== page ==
For Plato, when you find one food tastier than another, that itself does not make the food better. Rather, that is the food appearing better to your tongue. When I look at a Müller-Lyer illusion, the fact that one line looks longer does not make the line longer; rather the line appears longer to my eyes. The tastiness of food is an ‘outward appearance’. It is not itself a good of food, rather it is a way for the food to appear good. Sometimes that appearance is accurate (after all, our tastes did evolve so that we would like food that is good for us), but often the appearance is systematically distorted (as it seems to be in our calorically-rich, junk food laden society).
Plato points out that if you had a nutritionist and a pastry chef each cook food for children, the children would reliably think the pastry chef’s food is better. That is because the children are misled by taste, thinking the worse food is in fact the better. Plato argues that in many similar contexts we mistakenly prioritize the appearance of good over the actual good, especially when the actual good is difficult to identify. The good proper to ideas is truth. However, those skilled in rhetoric can package their ideas so that they appear true even when they are false. The good proper to soap is its ability to clean. However, most cleaning companies focus on proper perfuming so that things at least smell clean whether or not they are.
This division between the true good and the apparent good exists, according to Plato, because we are not only rational creatures but are embodied rational creatures. We don’t just have a rational nature which can recognize the good of things, we also have animalistic appetites which cannot track goodness directly and so instead perceive goodness by way of proxies.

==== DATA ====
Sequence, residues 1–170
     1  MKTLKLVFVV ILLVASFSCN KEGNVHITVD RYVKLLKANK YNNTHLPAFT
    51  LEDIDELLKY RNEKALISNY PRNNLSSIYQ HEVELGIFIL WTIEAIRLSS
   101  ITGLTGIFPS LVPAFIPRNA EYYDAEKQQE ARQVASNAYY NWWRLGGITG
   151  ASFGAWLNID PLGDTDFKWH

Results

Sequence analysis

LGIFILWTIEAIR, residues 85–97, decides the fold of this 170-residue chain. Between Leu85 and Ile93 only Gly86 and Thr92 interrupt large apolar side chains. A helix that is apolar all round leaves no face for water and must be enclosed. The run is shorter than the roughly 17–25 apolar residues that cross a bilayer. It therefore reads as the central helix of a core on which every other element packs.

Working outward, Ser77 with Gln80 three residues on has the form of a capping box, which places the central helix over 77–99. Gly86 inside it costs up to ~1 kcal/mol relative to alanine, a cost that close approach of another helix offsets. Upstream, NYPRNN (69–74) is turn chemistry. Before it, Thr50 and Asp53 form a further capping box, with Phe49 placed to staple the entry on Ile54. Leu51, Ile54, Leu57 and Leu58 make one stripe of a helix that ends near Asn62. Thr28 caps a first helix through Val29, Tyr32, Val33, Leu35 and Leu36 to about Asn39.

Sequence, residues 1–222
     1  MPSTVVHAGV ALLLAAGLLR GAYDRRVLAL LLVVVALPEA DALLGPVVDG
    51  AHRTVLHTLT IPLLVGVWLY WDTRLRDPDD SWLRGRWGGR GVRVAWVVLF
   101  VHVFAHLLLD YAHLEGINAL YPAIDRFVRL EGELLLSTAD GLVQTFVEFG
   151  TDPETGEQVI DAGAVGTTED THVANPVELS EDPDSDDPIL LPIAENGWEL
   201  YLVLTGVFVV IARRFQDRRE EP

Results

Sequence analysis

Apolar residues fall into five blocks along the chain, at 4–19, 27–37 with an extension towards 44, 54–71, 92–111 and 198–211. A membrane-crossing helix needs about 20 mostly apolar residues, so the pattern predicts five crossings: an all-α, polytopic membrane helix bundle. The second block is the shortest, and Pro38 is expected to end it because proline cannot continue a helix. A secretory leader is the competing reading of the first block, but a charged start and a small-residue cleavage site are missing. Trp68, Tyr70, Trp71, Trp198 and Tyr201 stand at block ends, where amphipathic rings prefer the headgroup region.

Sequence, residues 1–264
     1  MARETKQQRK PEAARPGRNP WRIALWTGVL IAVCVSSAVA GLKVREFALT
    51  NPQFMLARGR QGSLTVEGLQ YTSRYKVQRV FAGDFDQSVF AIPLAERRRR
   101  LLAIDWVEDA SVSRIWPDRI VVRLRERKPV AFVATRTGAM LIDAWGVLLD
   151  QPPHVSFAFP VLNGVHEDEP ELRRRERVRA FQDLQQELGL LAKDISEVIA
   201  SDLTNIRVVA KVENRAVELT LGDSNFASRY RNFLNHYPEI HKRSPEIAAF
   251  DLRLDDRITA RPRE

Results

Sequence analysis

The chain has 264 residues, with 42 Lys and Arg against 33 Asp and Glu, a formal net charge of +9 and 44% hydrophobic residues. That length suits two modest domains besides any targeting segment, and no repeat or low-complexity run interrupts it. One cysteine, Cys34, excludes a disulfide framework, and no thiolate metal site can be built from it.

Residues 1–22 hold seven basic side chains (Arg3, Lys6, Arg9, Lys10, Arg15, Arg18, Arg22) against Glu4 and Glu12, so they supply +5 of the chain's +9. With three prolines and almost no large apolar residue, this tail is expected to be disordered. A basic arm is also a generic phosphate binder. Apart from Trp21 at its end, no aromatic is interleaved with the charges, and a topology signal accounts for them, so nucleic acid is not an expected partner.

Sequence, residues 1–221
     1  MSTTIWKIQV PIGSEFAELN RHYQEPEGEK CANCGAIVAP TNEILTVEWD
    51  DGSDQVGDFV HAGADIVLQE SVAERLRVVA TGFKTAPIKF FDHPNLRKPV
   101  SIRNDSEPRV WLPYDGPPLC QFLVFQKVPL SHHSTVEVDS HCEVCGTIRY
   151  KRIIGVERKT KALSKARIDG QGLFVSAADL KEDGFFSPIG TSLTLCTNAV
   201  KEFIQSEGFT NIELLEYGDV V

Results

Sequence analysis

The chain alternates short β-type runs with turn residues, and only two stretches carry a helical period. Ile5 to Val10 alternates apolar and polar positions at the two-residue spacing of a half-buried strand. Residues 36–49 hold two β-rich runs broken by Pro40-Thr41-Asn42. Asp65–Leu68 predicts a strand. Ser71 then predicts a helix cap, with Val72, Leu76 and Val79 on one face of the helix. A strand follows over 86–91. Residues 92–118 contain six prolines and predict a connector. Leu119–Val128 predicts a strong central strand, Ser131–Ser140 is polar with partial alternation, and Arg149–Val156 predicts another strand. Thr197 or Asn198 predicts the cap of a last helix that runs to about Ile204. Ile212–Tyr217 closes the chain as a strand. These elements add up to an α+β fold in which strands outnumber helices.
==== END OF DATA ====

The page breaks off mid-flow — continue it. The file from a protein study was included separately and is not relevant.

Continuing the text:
Physical attraction is the proxy our animalistic body uses to decide who to marry, even though the correlation between physical attraction and spouse quality is weak at best. Taste is the proxy our animalistic body uses to decide what food is good to eat, even though in our environment the correlation between taste and health is often inverted.
This distinction of Plato’s is, I think, a useful way for thinking about outward appearance. The ‘inward reality’ concerns the actual good of the thing, and the outward appearance describes how that goodness appears to our appetites.
Aristotle’s Insight on the Second Good of Activity
Once you have Plato’s distinction in mind, you might think that wrapping presents is clearly vain. After all, it involves a focus on outward appearances, and even worse, a focus on outward appearances that have nothing to do with the primary good of the gift. You can make food taste better by adding salt, but at least salt is also an important nutrient to human health! If you wrap Christmas presents nicely, it does nothing to improve the actual good of the inner gift. So to understand why wrapping presents might still be valuable, we now need to turn to the insights of Aristotle.